16 ITOKAWA H, HIRAYAMA F, TSURUOKA S, MIZUNO K, TAKEYA K, NITTA A, 1990 Screening test for antitumor activity of crude drugs (III). Studies on antitumor activity of Indonesian medicinal plants. Shoyakugaku Zasshi 44(1):58-62.

17 FERNANDO R, 1988 Plant poisoning in Sri Lanka. Toxicon 26(1):20.

18 ALONSO J, 1998 Tratado de fitomedicina. Bases clínicas y farmacológicas. Buenos Aires, Argentina: ISIS ediciones SRL. p687.

19 MADUAGWU EN, UMOH IB, 1982 Detoxification of cassava leaves by simple traditional methods. Toxicol Lett 10(2-3):245-248.

20 LOPEZ M, MARTINEZ MJ, MOREJON Z, BOUCOURT E, FUENTES V, MORON F. 2005 Irritabilidad dérmica primaria de tubérculo fresco rayado de Manihot esculenta Crantz. Informe TRAMIL. Laboratorio Central de Farmacología, Facultad de Medicina “Dr. Salvador Allende”, Cerro, C. Habana, Cuba.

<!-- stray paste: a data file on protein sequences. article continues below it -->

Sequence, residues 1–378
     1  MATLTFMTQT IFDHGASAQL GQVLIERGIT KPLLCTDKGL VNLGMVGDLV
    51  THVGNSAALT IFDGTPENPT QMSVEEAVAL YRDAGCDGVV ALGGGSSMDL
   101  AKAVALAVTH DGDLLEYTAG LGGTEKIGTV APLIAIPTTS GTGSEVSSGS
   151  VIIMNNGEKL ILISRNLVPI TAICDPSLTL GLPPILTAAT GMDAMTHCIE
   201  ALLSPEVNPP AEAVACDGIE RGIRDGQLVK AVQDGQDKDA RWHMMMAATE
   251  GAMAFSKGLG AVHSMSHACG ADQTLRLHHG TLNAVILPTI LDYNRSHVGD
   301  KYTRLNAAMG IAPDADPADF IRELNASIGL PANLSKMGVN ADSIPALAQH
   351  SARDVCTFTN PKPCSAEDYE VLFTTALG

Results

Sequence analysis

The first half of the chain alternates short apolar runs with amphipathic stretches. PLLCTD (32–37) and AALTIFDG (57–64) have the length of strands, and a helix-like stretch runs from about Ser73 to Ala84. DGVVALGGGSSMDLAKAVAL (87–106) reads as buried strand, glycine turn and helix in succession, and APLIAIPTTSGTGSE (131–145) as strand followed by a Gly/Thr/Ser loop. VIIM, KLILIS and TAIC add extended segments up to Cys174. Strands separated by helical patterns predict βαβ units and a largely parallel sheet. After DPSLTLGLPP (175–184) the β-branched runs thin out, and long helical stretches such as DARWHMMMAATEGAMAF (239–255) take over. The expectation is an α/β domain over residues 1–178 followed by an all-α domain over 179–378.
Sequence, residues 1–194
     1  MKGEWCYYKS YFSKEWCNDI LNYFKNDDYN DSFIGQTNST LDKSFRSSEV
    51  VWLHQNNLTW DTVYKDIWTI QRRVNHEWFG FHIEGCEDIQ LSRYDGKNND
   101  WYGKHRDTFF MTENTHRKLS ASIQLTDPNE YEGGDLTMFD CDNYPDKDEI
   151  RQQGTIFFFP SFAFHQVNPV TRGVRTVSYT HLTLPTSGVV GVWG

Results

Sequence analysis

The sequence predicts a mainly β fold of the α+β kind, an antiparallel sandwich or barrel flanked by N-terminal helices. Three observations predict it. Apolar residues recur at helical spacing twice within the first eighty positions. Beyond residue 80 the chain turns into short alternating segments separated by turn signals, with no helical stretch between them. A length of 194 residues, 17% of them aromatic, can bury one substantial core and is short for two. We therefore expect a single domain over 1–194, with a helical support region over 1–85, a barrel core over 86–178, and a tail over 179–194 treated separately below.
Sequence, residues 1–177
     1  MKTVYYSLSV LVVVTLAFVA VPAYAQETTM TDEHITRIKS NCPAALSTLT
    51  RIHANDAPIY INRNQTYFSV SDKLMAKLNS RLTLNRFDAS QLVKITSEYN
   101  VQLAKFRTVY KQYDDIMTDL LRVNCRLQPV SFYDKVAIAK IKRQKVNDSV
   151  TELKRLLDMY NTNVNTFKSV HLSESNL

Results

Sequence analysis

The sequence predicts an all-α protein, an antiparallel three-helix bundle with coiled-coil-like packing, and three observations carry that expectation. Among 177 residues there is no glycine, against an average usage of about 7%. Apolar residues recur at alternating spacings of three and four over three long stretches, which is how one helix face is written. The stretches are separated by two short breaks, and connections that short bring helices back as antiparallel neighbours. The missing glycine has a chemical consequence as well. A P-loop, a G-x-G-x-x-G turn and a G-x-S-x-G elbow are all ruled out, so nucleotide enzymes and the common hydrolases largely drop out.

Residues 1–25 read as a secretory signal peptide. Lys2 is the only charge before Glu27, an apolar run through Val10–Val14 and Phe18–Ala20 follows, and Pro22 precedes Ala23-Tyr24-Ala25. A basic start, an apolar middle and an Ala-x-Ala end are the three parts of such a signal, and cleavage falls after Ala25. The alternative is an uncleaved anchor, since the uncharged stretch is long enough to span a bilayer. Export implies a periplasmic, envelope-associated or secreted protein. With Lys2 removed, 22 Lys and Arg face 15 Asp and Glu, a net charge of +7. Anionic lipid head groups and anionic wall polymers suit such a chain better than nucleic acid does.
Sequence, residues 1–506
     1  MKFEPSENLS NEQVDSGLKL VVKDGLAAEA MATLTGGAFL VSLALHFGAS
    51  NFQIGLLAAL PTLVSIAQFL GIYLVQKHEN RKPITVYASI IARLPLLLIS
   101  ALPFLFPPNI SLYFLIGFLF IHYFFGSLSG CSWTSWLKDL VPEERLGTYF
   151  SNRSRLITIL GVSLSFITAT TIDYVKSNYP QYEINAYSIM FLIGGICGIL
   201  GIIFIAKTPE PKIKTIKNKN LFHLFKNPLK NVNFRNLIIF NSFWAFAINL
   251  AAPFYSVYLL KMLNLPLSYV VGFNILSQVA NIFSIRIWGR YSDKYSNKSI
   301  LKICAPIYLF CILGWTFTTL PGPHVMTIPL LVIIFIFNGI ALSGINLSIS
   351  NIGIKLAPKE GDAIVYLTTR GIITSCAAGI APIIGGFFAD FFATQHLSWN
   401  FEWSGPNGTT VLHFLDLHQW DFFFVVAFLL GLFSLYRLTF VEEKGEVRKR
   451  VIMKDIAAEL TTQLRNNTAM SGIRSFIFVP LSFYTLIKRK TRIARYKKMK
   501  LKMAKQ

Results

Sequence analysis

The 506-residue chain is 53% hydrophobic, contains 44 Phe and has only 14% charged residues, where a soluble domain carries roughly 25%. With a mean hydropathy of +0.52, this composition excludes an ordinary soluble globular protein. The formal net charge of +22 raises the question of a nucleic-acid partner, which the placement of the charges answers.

21 PAZOS L, COTO T, GONZALEZ S, 2006 Irritabilidad dérmica, piel sana en conejos, de hoja machacada de Manihot esculenta. Informe TRAMIL. Laboratorio de Ensayos Biológicos, LEBi, Universidad de Costa Rica, San Pedro, Costa Rica.


The information provided is for educational purposes only for the benefit of the general public and health professionals. It is not intended to take the place of either the written law or regulations. Since some parts of plants could be toxic, might induce side effects, or might have interactions with certain drugs, anyone intending to use them or their products must first consult with a physician or another qualified health care professional. TRAMIL has no responsibility whatsoever towards the user for any decision, action or omission made in relation to the information contained in this Pharmacopoeia.